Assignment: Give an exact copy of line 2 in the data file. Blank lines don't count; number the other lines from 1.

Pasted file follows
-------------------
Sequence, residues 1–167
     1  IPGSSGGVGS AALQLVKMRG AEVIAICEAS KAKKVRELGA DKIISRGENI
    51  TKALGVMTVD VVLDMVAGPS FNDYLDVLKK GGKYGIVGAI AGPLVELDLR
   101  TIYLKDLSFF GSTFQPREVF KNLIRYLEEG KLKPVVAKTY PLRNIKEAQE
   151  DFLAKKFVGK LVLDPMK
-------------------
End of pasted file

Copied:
     1  IPGSSGGVGS AALQLVKMRG AEVIAICEAS KAKKVRELGA DKIISRGENI